I can’t even remember my dad coming in to get me, but how it usually went when I was in trouble – a state I was in all too often – was that he’d leave me alone for awhile and eventually return to talk to me in a calm voice, chastise me in a reasonable manner, explaining why what I did was wrong, sometimes giving advice on what to do next time, and in the end he’d hug me. That hug always made me cry all over again, albeit silently, with relief, and I clung to him.

So, that’s the bit about “broken chimney”. But it got blended in with another story, which resulted in the line, “I put you in dog house, all night, with dead bird”.

I’m not sure where the dog house came from. It might be a reference to our old black and white Sheltie, Toby, for whom my dad built a dog house. Or it might be merely an ad-lib. But the dead bird does have a story.

This was in our new house, the one my dad built for us in Tsawwassen, a suburb of Vancouver. I was around eleven years old. I wanted to wash my feather pillow, so I carefully cut open a seam and unstuffed it. I didn’t want to mess up the house with feathers, so I did it out in the carport, putting most of the feathers into a garbage bag while I laundered the casing, but a few spilled out here and there.

That evening, my dad called me to come downstairs and see something. He pointed at a few clusters of grey and white downy feathers on the ground in the carport. In a sad voice he said, “C’desten…” (That is roughly how he pronounced “Christine”). “Small burd was keel.”

I stifled a laugh. My dad asked what was funny.

“That’s from my pillow, Dad. I unstuffed it to wash it.”

My dad laughed and was relieved. He always loved animals.

It’s just a little story, but it has resulted in something my family and I often say whenever someone uses the word “small”.

One might say, “Would you like a piece of pie?”

The answer might be, “Sure. Just a small piece.

If so, it would follow with the one offering pie saying, “Small burd was keel.”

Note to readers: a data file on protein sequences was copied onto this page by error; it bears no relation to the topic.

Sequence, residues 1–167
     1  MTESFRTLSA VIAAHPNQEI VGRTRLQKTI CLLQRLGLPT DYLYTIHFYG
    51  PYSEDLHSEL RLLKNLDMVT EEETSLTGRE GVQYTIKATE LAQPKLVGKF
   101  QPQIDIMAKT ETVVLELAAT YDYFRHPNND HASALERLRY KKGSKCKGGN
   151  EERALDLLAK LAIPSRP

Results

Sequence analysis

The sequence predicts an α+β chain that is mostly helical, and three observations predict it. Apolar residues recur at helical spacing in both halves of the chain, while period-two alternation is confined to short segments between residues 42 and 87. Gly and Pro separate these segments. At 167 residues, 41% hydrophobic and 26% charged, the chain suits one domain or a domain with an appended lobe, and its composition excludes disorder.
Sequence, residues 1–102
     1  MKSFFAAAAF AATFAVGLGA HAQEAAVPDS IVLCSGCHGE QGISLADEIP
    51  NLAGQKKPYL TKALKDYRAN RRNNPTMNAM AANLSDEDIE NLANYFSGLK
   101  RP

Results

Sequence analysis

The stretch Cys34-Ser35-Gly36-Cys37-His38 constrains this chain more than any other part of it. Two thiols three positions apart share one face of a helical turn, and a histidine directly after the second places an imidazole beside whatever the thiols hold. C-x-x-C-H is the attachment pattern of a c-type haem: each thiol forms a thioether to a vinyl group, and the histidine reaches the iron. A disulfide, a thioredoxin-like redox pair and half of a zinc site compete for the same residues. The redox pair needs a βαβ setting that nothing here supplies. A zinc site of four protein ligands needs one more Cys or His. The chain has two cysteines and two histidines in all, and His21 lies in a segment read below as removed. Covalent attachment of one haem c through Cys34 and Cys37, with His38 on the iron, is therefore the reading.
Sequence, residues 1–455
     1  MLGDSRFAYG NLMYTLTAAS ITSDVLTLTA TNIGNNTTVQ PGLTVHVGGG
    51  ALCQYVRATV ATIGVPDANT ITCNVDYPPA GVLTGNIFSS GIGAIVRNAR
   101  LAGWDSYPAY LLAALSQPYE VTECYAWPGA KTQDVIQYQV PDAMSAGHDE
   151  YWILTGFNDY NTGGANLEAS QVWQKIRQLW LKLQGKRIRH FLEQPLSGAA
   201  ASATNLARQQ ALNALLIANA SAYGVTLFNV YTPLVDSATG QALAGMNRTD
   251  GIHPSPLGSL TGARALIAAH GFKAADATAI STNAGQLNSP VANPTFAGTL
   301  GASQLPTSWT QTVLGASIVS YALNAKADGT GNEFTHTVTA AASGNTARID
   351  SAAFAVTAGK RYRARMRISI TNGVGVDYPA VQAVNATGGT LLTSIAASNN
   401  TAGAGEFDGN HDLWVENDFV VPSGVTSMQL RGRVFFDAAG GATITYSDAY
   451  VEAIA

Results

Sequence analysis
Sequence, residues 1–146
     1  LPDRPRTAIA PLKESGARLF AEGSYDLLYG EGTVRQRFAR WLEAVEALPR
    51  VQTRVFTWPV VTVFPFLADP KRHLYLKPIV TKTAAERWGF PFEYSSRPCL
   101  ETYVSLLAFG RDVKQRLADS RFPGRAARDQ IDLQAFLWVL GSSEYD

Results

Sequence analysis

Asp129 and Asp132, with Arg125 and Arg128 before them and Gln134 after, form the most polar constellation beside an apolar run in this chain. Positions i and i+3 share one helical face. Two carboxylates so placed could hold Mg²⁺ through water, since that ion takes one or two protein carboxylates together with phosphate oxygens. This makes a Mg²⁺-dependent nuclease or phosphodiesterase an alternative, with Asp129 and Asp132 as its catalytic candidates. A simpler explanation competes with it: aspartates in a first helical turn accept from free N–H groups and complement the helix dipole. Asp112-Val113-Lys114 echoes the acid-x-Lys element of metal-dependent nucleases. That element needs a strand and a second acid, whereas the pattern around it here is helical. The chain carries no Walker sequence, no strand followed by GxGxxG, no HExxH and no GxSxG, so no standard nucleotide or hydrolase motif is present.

And the conversation would carry on as if nothing unusual was said.

Then there’s the part in our video where SF is pretending to be my dad driving along, talking about how when he was a kid, they played with sticks and mud. And potatoes. Supposedly he played with, or rather ate, potatoes. All day. ALL DAY.

He never actually said any of that, but the tone was about right for his basic manner. Impatient. Gruff. And he did talk about potatoes a lot. We’d be eating potatoes at dinner, and my dad would say, “I loooooove potatoes.” Just like that. Elongating the word “love”. So, that image comes to mind for me whenever we have potatoes, and I’ve told my family about it a time or two.

Then there was my dad’s frequent use of swearing in Serbian so my sister and I would not know what he was saying (though, as with most kids whose parents have a different language, my sister and I became adept at using those strings of words, and believe me, Serbian swearing is long, detailed, melodious, but nasty in interpretation.) SF made up some foreign-sounding words, but they sure weren’t Serbian. She doesn’t know how to sound Serbian, having not grown up with my dad, but her attempt sure made me laugh.

And the mention SF made of my dad saying “my old country, Yugoslavia”, yes, that was something he’d often say. “The old country” was how he referred to it.